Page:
Which Countries Require Biometric Passports To Enter?
Luke Iles – Uploaded 22.06.2023
Learn why biometric passports are taking over the travel industry
If you live in the UK and have recently received a new passport you may have noticed that it has changed its front cover colour from red to blue. Now this isn’t a mistake and you haven’t accidentally been given the wrong passport.
With the advancements in artificial intelligence within the travel industry it makes sense to introduce biometric passports. However, biometric passport technology has been in play since 2010 and is only improving as the years go on. With over 212 countries across the world now implementing and issuing biometric passports, it is clear to see that this type of biometric data being stored in passports is the way forward.
There are plenty of advantages to introducing these types of passports including more security, faster travel, fraud prevention, reliable identification and secure data storage.
It is soon becoming one of the major passport requirements seen across the globe with more and more countries requiring their inhabitants to switch to a biometric passport.
Throughout this article, we will document all the countries which require biometric passports to enter and leave.
What is a biometric passport?
A biometric passport, also known as an E-passport, is a more advanced type of traditional passport. A biometric passport is a passport that can be scanned electronically. It has more security features than a traditional passport such as an embedded microchip which contains all the details of the passport holder within that chip.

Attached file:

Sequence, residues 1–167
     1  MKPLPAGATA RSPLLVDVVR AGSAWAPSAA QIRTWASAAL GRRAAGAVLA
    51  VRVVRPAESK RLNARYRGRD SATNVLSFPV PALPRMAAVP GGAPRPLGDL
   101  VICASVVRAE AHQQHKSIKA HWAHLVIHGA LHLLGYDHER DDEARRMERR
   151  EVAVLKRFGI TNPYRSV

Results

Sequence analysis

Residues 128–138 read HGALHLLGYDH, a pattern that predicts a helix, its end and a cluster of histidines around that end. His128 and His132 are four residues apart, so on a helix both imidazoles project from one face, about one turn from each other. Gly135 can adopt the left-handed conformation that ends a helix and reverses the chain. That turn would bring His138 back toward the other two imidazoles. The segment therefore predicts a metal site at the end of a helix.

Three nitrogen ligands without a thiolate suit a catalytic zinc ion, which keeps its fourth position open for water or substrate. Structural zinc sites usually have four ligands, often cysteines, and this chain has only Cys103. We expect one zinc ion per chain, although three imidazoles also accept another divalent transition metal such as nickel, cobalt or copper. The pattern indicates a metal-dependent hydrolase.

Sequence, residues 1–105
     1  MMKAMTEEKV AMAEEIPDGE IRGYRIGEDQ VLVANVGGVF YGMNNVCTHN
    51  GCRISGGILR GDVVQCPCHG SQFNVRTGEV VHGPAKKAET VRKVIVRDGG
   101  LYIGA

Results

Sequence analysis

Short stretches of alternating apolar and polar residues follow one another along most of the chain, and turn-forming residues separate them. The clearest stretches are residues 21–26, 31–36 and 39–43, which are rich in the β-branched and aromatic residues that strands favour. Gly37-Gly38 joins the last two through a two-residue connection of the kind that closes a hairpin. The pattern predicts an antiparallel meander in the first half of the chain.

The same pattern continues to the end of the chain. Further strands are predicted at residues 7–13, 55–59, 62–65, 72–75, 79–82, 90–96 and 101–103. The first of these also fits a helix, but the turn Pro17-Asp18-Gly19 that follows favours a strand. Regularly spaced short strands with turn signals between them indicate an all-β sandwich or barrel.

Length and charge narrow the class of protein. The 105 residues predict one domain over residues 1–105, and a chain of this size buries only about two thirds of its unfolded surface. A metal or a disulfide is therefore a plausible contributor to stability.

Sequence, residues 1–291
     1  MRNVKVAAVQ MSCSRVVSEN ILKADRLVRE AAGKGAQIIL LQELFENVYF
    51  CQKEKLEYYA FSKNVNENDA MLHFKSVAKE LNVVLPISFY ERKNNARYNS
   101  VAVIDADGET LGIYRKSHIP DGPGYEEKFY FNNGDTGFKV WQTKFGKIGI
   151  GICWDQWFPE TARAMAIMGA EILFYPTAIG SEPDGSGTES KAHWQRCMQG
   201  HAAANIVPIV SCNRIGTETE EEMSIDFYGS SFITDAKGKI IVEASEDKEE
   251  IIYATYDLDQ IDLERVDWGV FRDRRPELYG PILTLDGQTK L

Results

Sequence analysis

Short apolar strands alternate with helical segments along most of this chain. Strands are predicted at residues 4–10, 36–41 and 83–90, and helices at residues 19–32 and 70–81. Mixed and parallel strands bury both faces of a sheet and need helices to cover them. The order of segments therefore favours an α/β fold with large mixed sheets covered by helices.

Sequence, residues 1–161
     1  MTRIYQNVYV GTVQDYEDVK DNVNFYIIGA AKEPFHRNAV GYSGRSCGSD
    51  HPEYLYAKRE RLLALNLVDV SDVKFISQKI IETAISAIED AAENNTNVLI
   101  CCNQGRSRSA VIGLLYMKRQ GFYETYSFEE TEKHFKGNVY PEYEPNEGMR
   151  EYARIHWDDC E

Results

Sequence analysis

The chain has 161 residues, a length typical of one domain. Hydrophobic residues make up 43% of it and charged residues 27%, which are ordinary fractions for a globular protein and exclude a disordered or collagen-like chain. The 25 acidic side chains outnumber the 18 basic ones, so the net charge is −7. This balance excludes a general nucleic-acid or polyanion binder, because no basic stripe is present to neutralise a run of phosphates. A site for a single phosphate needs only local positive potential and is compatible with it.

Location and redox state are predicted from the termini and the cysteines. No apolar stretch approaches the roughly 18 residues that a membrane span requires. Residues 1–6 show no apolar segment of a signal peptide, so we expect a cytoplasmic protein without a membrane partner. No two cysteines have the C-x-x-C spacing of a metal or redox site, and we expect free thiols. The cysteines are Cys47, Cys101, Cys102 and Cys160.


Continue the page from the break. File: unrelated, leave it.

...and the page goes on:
Once you have a valid holiday destination in mind as well as a rough idea of the travel budget, you can easily research accommodation and compare prices by following the steps below:
This chip allows the user to be able to use the E-passport gates at airport border control which use AI facial recognition technology. This technology makes it easier and swifter for people who have just disembarked the plane to get off and let through into the country. Not only do these E-passport gates speed up the process but they also save airports a considerable amount of money on paying for fewer staff members to man border control.
All UK passports since 2010 include the biometric chip thus making them a biometric passport. In March 2020, the UK began the issue of the new blue and updated biometric passports. These passports have an improved interface which integrates an improved biometric chip which works more efficiently with the new facial recognition technology within airports.